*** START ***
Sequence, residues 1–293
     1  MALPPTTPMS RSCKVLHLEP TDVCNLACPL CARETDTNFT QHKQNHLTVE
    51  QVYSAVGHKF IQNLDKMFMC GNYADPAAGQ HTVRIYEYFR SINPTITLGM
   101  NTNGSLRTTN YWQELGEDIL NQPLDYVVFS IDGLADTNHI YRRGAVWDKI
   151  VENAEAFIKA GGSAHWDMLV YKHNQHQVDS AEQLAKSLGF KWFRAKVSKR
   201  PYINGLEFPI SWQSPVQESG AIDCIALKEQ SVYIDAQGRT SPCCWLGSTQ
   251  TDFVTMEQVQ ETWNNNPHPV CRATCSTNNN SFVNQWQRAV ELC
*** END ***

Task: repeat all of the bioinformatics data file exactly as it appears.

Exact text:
Sequence, residues 1–293
     1  MALPPTTPMS RSCKVLHLEP TDVCNLACPL CARETDTNFT QHKQNHLTVE
    51  QVYSAVGHKF IQNLDKMFMC GNYADPAAGQ HTVRIYEYFR SINPTITLGM
   101  NTNGSLRTTN YWQELGEDIL NQPLDYVVFS IDGLADTNHI YRRGAVWDKI
   151  VENAEAFIKA GGSAHWDMLV YKHNQHQVDS AEQLAKSLGF KWFRAKVSKR
   201  PYINGLEFPI SWQSPVQESG AIDCIALKEQ SVYIDAQGRT SPCCWLGSTQ
   251  TDFVTMEQVQ ETWNNNPHPV CRATCSTNNN SFVNQWQRAV ELC